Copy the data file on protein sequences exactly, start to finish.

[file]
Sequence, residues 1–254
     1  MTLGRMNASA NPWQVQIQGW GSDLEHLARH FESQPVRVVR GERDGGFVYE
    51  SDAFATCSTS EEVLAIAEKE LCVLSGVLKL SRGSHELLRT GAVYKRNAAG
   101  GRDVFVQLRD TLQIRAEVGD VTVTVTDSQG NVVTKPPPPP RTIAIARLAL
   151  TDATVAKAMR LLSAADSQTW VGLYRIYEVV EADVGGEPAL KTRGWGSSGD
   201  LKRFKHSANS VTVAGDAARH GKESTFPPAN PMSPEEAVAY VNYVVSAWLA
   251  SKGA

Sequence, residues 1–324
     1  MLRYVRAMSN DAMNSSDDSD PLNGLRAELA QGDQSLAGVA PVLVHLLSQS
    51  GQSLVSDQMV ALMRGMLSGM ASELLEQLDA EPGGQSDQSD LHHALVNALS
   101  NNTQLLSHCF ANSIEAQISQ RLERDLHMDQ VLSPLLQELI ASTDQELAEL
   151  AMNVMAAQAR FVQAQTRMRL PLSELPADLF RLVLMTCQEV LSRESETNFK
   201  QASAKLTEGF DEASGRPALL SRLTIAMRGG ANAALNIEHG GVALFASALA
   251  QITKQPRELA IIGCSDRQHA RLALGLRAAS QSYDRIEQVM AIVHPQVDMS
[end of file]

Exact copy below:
Sequence, residues 1–254
     1  MTLGRMNASA NPWQVQIQGW GSDLEHLARH FESQPVRVVR GERDGGFVYE
    51  SDAFATCSTS EEVLAIAEKE LCVLSGVLKL SRGSHELLRT GAVYKRNAAG
   101  GRDVFVQLRD TLQIRAEVGD VTVTVTDSQG NVVTKPPPPP RTIAIARLAL
   151  TDATVAKAMR LLSAADSQTW VGLYRIYEVV EADVGGEPAL KTRGWGSSGD
   201  LKRFKHSANS VTVAGDAARH GKESTFPPAN PMSPEEAVAY VNYVVSAWLA
   251  SKGA

Sequence, residues 1–324
     1  MLRYVRAMSN DAMNSSDDSD PLNGLRAELA QGDQSLAGVA PVLVHLLSQS
    51  GQSLVSDQMV ALMRGMLSGM ASELLEQLDA EPGGQSDQSD LHHALVNALS
   101  NNTQLLSHCF ANSIEAQISQ RLERDLHMDQ VLSPLLQELI ASTDQELAEL
   151  AMNVMAAQAR FVQAQTRMRL PLSELPADLF RLVLMTCQEV LSRESETNFK
   201  QASAKLTEGF DEASGRPALL SRLTIAMRGG ANAALNIEHG GVALFASALA
   251  QITKQPRELA IIGCSDRQHA RLALGLRAAS QSYDRIEQVM AIVHPQVDMS